Kong: Skull Island

Plainly put, director Jordan Vogt-Robert's Kong: Skull Island is a film that delivers on its promises. Set in the mid-1970s, it's angled as an era-infused monster movie with American soldiers seeing the battlefront move from the Indochina Peninsula to a Pacific island lost to time -- and it successfully piggybacks off themes of Vietnam War stories while positioning action-packed, beast-filled battles around every corner. It's a high-concept idea that really works, and while many internal elements remain paper thin, it remains an exciting new blockbuster arriving in the first quarter of the year.

The film is a cinematic universe sequel to the 2012 iteration of Godzilla (think of it as the relationship between Iron Man and Captain America: The First Avenger), and while it adds a few more creatures to the growing MonsterVerse and does a splash of world building, it also deserves full marks for very much standing as an independent and self-contained adventure. With a specific sense of style, it's an exercise that puts a whole lot of talented actors in exciting and consistent peril, and tracing an "A to B to C" narrative keeps things straight-forward while still raising the audience's pulse.

Kong boasts an impressively talented ensemble of performers with boots on the ground on Skull Island -- including Tom Hiddleston, Brie Larson, Samuel L. Jackson, John Goodman, John C. Reilly, Toby Kebbell, Corey Hawkins, Shea Whigham, Jason Mitchell, and more -- and while there isn't a bad performance in the group, the movie just doesn't have time to provide much in the way of character arcs for them. The modest exceptions to this are Reilly and Jackson, who respectively play a World War II pilot who has been lost on the island for decades, and a Lieutenant unable to let go of the Vietnam War -- but everyone else basically receives either a single personality trait or motivation to work with, and not much else.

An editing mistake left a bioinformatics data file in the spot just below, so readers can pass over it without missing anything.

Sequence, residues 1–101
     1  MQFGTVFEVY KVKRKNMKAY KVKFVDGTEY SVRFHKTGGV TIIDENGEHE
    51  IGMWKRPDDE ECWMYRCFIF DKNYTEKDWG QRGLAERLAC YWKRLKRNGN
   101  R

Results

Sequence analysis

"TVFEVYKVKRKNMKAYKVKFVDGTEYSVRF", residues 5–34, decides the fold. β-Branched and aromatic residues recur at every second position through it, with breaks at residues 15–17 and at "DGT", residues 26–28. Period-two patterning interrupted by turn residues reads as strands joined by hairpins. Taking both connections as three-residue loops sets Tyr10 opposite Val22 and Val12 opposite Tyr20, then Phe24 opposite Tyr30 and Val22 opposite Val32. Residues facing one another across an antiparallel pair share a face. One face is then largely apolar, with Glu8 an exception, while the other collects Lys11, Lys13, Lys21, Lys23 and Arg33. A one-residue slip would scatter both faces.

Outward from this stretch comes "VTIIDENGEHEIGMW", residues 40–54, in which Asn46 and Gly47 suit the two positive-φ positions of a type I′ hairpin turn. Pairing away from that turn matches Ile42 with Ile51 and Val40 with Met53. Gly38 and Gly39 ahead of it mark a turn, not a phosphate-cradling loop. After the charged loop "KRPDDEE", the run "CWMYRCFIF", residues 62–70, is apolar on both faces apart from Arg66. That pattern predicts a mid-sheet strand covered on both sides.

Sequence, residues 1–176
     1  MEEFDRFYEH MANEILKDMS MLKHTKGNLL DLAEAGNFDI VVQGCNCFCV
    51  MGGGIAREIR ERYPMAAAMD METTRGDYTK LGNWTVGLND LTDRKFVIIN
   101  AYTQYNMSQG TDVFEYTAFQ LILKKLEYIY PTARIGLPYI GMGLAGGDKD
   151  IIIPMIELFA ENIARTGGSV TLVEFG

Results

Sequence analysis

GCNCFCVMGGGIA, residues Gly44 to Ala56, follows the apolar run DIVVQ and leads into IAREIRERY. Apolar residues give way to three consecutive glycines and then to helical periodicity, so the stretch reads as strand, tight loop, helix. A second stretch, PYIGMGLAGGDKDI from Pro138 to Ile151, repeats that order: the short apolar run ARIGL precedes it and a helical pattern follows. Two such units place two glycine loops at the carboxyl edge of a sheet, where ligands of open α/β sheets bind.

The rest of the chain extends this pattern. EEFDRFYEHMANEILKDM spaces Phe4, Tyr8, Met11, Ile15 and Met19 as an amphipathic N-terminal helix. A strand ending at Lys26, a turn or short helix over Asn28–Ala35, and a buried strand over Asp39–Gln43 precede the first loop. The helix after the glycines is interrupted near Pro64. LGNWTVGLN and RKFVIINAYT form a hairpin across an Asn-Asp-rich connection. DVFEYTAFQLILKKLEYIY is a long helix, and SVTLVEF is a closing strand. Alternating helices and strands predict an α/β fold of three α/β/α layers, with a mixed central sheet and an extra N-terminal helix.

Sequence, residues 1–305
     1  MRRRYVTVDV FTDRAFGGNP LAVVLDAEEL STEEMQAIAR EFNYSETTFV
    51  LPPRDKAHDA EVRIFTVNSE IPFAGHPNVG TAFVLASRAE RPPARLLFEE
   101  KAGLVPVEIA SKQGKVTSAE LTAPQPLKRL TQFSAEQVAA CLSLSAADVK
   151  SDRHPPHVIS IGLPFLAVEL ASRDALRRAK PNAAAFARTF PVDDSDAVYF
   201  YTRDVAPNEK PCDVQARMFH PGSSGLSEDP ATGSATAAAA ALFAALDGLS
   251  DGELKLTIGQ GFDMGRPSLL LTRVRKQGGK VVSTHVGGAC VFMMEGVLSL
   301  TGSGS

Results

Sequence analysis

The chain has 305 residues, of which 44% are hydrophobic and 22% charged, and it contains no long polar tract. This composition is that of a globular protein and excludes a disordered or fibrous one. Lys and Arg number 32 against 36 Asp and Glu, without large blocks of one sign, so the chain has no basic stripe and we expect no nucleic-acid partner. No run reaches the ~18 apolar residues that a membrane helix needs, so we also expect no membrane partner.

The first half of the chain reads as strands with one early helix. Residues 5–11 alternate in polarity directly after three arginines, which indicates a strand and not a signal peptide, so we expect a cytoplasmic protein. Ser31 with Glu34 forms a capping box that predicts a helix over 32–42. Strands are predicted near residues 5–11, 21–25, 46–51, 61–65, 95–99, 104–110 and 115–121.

In the character realm, Toby Kebbell draws the shortest straw playing soldier Jack Chaptman, as he is the only one in the central cast who finds himself stranded alone on Skull Island -- but the plus-side is that the actor pulled double duty during the production, and is a big part of one of the film's strongest elements: its visual effects. Just like how he brilliantly brought Koba to life in Dawn of the Planet of the Apes, Kebbell is back in performance capture ape mode as the eponymous cinematic legend in Kong: Skull Island, and the effects are spellbinding. It feels necessary to grip your armrests during introductory sequence where he's swatting down helicopters, and when Brie Larson's Mason Weaver shares a more tender moment with the god-sized creature you entirely believe they're face-to-face. The digital elements don't falter when it comes to the creation of many other beasties either, including the "villainous," lizard-like Skull Crawlers that serve up many of the movie's most frightening moments, but there's no questioning who is really in the spotlight.

Of course, these visual effects don't pop the way they do without the proper photography, and it's all the more impressive that this is only Jordan Vogt-Roberts' second film and first blockbuster. In collaboration with cinematographer Larry Fong, the director has made a feature that, in between all of the tension and horror, finds legitimate beauty in the epic landscapes (much of the movie shot on-location in Hawaii and Australia). Combined with a guitar-heavy soundtrack powered by the sounds of Creedence Clearwater Revival, David Bowie, Black Sabbath and more, Kong: Skull Island has an unmistakable, realistic, and story-enhancing aesthetic that gives the full package a welcomed and distinct flavor.

It has taken a short amount of time for 2017 to rack up a number of impressive event films, and while Kong: Skull Island probably won't be in the conversation when it comes to Top 10 lists at the end of the year, it will very likely remain a standout as a studio blockbuster. Some may roll their eyes at yet another big screen reboot featuring King Kong, but the movie is as legitimately fun as it is thrilling, and it simultaneously generates excitement about for futures of both the giant ape and his latest director.

Eric Eisenberg
Assistant Managing Editor

Eric Eisenberg is the Assistant Managing Editor at CinemaBlend. After graduating Boston University and earning a bachelor’s degree in journalism, he took a part-time job as a staff writer for CinemaBlend, and after six months was offered the opportunity to move to Los Angeles and take on a newly created West Coast Editor position. Over a decade later, he's continuing to advance his interests and expertise. In addition to conducting filmmaker interviews and contributing to the news and feature content of the site, Eric also oversees the Movie Reviews section, writes the the weekend box office report (published Sundays), and is the site's resident Stephen King expert. He has two King-related columns.